Insurance companies tend to focus on the impersonal calculus of probability and risk at the cost of deeply personal and emotive issues.

This column was first published in Business Day.

The Momentum PR disaster that was its handling of a life claim by the Ganas family should give pause to the life insurance industry. How did Momentum manage to understand the needs and perspectives of its clients so poorly?

Life companies don’t pay much attention to the emotional context in which they operate. Insurance is a complex industry. It is about deeply personal and emotive issues, literally life and death, and the profoundly impersonal calculus of probability and risk. Those who run and regulate insurance companies tend to focus on the latter. But clients focus on the need to manage risks that could have enormous consequences for themselves and those they love.

Momentum saw the Ganas case in purely technical terms. The life policy that Nathan Ganas held was declared invalid by Momentum because he had not disclosed a material blood sugar problem that he was, according to them, aware of. This approach is quite normal all over the world.

The core philosophical precept to insurance is the legal “doctrine of utmost good faith”. This is an artefact of contract law. Most contracts do not work this way, applying instead the principle of “caveat emptor” in which the seller only needs to disclose what she is asked.

But an “utmost good faith” contract, in contrast, requires both sides to disclose every fact relevant to the contract. If they do not, particularly when the insurance company has been induced to provide the policy because the buyer had kept a material fact hidden, the contract is made invalid.

This makes a lot of sense in commercial insurance. If I want to insure a ship that that is travelling across the Atlantic, I should honestly disclose what that ship will be carrying. The insurer also has a duty to explain the contractual terms clearly, describing when it would or would not pay out.

If I have knowledge material to the nature of the risk and fail to disclose it, the contract is, in the legal terminology “avoided”. All premiums are repaid (unless there was active fraud by the client) and both parties continue as if the contract never existed. This is irrespective of what eventually happens to the ship during its voyage.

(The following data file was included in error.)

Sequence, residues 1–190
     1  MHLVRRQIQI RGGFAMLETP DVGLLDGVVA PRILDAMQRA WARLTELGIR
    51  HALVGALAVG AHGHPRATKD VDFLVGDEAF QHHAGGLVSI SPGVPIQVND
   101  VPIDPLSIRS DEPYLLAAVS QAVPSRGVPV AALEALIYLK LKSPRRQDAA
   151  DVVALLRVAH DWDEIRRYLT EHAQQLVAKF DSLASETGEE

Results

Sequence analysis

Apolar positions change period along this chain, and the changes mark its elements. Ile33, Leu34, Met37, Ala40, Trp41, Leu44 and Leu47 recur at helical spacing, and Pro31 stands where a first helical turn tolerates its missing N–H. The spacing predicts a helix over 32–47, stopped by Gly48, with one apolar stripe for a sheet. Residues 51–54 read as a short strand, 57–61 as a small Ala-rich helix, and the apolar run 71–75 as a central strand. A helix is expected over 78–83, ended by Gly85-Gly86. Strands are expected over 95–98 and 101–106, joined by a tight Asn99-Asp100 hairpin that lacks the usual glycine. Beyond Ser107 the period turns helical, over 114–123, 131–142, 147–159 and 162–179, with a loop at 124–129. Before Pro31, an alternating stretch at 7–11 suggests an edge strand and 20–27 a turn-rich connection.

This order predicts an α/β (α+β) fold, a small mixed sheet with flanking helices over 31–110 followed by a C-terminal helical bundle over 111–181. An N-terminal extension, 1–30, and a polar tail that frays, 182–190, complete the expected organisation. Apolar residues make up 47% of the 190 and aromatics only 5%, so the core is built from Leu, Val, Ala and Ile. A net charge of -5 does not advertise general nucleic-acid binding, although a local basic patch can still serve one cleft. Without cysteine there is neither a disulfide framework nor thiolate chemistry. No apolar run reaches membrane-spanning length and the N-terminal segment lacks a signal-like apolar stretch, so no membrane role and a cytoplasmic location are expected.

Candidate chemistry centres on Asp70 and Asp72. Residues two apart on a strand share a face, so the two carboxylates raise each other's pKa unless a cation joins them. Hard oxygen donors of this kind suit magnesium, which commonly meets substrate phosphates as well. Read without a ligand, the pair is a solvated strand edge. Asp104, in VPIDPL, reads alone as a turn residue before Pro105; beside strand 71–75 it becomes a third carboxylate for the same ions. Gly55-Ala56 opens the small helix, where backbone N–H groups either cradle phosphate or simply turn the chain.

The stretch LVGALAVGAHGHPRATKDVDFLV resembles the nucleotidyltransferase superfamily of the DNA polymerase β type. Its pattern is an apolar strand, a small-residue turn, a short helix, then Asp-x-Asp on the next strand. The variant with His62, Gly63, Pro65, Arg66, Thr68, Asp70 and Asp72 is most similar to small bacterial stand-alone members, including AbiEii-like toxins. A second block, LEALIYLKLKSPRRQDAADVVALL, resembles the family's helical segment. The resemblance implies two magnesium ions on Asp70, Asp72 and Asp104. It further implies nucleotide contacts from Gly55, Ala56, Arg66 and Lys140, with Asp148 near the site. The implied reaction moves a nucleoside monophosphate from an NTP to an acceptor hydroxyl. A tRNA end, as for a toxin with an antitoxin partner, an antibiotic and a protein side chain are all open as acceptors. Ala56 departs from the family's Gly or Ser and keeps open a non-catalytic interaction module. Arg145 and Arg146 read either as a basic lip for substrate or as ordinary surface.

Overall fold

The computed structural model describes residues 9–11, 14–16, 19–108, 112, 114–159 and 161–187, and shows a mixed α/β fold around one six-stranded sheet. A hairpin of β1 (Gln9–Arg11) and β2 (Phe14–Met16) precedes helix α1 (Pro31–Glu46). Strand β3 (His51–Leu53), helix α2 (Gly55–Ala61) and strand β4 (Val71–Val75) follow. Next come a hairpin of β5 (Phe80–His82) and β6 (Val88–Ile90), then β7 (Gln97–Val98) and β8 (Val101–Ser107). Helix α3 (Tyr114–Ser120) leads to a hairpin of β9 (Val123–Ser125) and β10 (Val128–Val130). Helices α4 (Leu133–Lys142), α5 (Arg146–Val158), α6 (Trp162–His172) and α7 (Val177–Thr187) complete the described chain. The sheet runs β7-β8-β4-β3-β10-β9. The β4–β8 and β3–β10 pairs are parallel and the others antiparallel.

This approach is important because insurance is fundamentally about pooling risks. If one policyholder induces the insurer to take on risks they otherwise wouldn’t, it comes at the expense of all other policyholders because the financial position and risks of the pool have been weakened.

But in the life insurance market, things are different. Consumers approach the contact from a deeply emotional perspective in which they are trying to protect themselves and their loved ones from devastating risks. Had Momentum properly understood this, it would have approached the Ganas case differently.

Ganas died during a botched hijacking and violent crime is clearly a highly emotional issue for consumers. Momentum’s refusal to pay out seemed heartless, particularly because the nondisclosure by Ganas was unrelated to the cause of his death. Momentum’s treatment of the Ganas case was confirmed by the insurance ombudsman. He saw it the same way Momentum did — there was material nondisclosure that induced the insurer to take on the contract. Therefore the contract was avoided.

Momentum and the ombudsman clearly were not aligned with a consumer perspective. Insurance companies are being invested with a deep responsibility to care for beneficiaries. Was Momentum living up to this duty of care?

Around the world, insurance regulators have been trying to force insurance companies to think about this duty of care more than they currently do. This is part of the treating-customers-fairly approach that regulators in banking and insurance have applied to firms. This implies that insurers look at a claim from their customers’ perspectives.

No insurer should be expected to pay out when they have been induced to cover a risk about which the consumer has deliberately hidden information. But  if someone has died through an unrelated cause, insurers can “reconstruct” the policy as if the disclosure had been made.

That is effectively what Momentum has done. It has created a new side cover for violent crime in the event that there is material nondisclosure. So now there are effectively two contracts — if one is avoided through nondisclosure, the other will pay out in the event of a death from violent crime. This adds some risk to Momentum, but the number of such cases it is likely to face is small.